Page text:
Study Guide

Desi Collings in Gone Girl

By Gillian Flynn

Desi Collings

Sheesh, what is it with all these characters having relationships with people that are stalkerish, possessive freaks? Desi Collings, please join Amy Elliott Dunne and Andie Hardy in the Dysfunctional Significant Other Bullpen.

Desi was Amy's boyfriend at prep school, and while things between them went pretty well for about a year, he eventually started creeping her out—"He talked as if they were engaged, he knew the number and gender of their children" (11.126), Nick relates. Yikes.

It's also slightly creepy that Desi's slightly too adoring mom, Jacqueline, looks exactly like Amy. At one time, Amy claimed that after she broke up with Desi, she came back to her dorm to find him naked on her bed after a suicide attempt with pills. She later tells us that she made up the story to garner sympathy from people, but if the story had been real, in this case we wouldn't have been too shocked.

Seeing that Desi was—and still desires to be—Amy's boy, we shouldn't be shocked that he has a "craving for ruined women" (44.18), always ending up in relationships with troubled girls with eating disorders, histories of abuse, and related problems. This is why Amy initially calls him to help her after the Ozark Cabin People rob her blind—she knows he won't be able to resist her sob story.

He's also fabulously rich, and his suggestion of having Amy stay at the lake house fulfills "the ultimate white-knight fantasy: He steals the abuse princess from her squalid circumstances and places her under his gilded protection in a castle that no one can breach but him" (44.62). And, you know, for Amy's purposes it gets her a place to stay where no one can bother her.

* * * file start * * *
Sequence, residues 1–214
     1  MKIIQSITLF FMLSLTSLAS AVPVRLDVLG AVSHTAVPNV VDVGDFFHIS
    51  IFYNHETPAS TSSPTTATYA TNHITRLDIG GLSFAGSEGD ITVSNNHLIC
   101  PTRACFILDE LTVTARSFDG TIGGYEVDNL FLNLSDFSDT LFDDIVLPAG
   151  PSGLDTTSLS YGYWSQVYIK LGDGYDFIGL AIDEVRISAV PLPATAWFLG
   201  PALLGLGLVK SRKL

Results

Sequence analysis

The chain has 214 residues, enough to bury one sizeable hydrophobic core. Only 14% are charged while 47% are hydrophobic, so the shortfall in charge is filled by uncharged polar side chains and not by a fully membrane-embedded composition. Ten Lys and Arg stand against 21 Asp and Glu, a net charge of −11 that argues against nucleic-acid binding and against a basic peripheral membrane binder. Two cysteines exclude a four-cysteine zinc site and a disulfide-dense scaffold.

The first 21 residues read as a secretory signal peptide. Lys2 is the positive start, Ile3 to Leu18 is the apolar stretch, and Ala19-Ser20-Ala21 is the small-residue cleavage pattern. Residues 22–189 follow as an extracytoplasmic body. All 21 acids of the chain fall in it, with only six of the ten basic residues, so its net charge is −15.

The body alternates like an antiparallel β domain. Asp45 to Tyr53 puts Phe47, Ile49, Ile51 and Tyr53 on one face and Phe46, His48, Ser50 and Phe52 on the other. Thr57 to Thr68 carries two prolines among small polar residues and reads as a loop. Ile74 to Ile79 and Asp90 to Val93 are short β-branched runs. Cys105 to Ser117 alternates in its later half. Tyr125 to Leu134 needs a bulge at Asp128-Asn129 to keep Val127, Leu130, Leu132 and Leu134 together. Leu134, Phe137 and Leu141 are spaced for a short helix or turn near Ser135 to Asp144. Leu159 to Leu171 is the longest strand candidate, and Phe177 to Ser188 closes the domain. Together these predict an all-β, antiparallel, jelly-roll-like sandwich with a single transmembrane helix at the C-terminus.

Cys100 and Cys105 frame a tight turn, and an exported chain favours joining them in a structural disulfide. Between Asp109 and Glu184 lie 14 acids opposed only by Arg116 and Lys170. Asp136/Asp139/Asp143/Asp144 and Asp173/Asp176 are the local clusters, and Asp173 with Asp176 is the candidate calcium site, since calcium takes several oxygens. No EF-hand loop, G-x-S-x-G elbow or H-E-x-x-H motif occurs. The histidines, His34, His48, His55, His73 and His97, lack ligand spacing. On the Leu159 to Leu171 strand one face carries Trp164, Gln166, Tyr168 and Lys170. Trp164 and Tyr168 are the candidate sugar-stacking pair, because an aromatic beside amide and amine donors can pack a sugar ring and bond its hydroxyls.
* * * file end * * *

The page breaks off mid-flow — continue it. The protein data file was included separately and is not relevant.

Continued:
Desi's "ultimate white-knight fantasy" is pretty close to what actually happens. When Amy gets to his house, it's obvious that he's been planning for awhile to bring her there—he's painted her would-be bedroom her favorite color and even built a greenhouse where tulips, the flower she loved in high school, will bloom year round. It's "'Your fairy tale,'" Desi tells her. "'I want you to see what life can be like'" (46.21). Hate to break it to you Desi, but this is more like a nightmare than a dream come true from where we're sitting.

Every girl might want her own Prince Charming, but Desi's more like Prince Creepy—especially after he refuses to let Amy leave the house for almost a month. Coupled with the fact that he's apparently had these rooms ready for Amy for months—maybe even years—and it's all kind of Jay Gatsby-ish when you think about it. You know—preparing a fabulously expensive house just to impress a chick. Desi's just a bit darker about the whole thing.

So at the end of the day, what do we make of Prince Creepy? He's probably one of the most ambiguous characters in the book. On one hand, he's overprotective and possessive and seems to have serious mommy issues, but on the other hand, Amy kind of kills him and pins her kidnapping on him, so we feel sort of bad for him despite said creepiness. She might say he raped and abused her, but that doesn't make it true, or even mean that he had bad intentions in keeping her there.

And this, we think, may be Flynn's point exactly with Desi's character: Because of Amy, the records will portray Desi as a criminal, and although we know the truth, we still regard him with suspicion. Amy's just that good at what she does.

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